Antonio Arteaga-Martinez is a Mexican citizen. First arriving in the United States in 2001, Martinez had gone back to Mexico a decade later only to be beaten by a street gang, prompting his return to the United States. He wasn’t a criminal, but he had committed a crime: the crime of entering the United States. While detained, he sought the right to asylum. His claim seeking asylum was found credible by an asylum officer, yet he remained detained.
After four months of detention, Arteaga-Martinez challenged his detention without a bond-hearing.
Arteaga-Martinez is one of the thousands of cases exemplifying the inhumane treatment of asylum-seekers in the United States. A report published by Human Rights First found that ICE has held “tens of thousands of people in jails instead of allowing them to live in the US with their families or sponsors as their asylum cases are decided.” They furthered that jailing asylum seekers has subjected people to severe physical and psychological harm, as the practice is “inhumane, unnecessary, and wasteful.”
Generally, ICE or an immigration judge assigns a bond, or a certain amount of money that allows a person to be released from detention. In a bond hearing, one must prove that they are not a “flight risk,” and not a threat to national security to be granted the bond. In Arteaga-Martinez’s case, aside from minor traffic violations, he had no criminal history.
However, people often do not receive a bond determination from ICE at all, in which case a bond redetermination hearing may be requested.
The Third Circuit Court of Appeals found that Arteaga-Martinez did have the right to a bond hearing, and would have to be released after six months of detention unless the government found that he “posed a threat to the community.”
The Director of ICE, Tae Johnson, appealed the ruling, at which point the case reached the Supreme Court. The Supreme Court overturned the lower courts’ rulings, determining that immigrants held for deportation may be detained indefinitely, with no right to go free on bond.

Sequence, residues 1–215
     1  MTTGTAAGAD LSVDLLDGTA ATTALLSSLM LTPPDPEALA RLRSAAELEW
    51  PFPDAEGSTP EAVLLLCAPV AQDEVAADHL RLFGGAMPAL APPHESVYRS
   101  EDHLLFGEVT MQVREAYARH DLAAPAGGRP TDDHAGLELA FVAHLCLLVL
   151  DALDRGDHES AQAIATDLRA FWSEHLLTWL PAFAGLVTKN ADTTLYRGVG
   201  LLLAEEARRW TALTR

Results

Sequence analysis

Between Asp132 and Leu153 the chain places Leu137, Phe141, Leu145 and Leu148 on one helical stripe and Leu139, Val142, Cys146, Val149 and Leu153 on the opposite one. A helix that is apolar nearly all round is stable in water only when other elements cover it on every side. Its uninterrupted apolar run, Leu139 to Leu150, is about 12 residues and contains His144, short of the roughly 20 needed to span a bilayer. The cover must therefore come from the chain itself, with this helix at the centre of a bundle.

The court, with a 8-1 majority, found that Section 1231(a)(6) of the Immigration and Nationality Act, which was cited by the lower courts, did not “even hint at the requirements imposed below [the requirement to provide bond hearings after six months of detention].”
According to 1231(a)(6), there is a 90-day removal period in which the government must ensure the removal of the individual from the United States. After the period expires, which it did in Arteaga-Martinez’s case, the statute states that the government “may detain only four categories of people,” with those categories referring to the risk the individual poses to the community and national security.
One of the central issues in the case was that the statute does not explicitly claim how long detention may occur past the 90-day period. In Zadvydas v. Davis, a 2001 case, the Supreme Court stated the indefinite detention of immigrants was impermissible, and held that the statute “limits post-removal-period detention to a period reasonably necessary.” That period was assumed by the court to be six months. But in the case Johnson v. Arteaga-Martinez, the 2001 precedent was reversed, stating “On its face, the statute says nothing about bond hearings before immigration judges… nor does it provide any other indication that such procedures are required.”
This case serves as a reminder of an unfortunately sour theme in rulings, ones that consistently deny rights based on the “lack-of.” A bond hearing is denied due to the lack of specificity in a law.
But the precedent this case sets for immigration law is undeniable. According to the ACLU, denying bond hearings can have life-threatening consequences due to ICE’s record of abuse, neglect and death in detention centers.
This ruling opposes a country founded on the principle of a right to a fair trial without unnecessary delay, a country which should champion the Sixth amendment.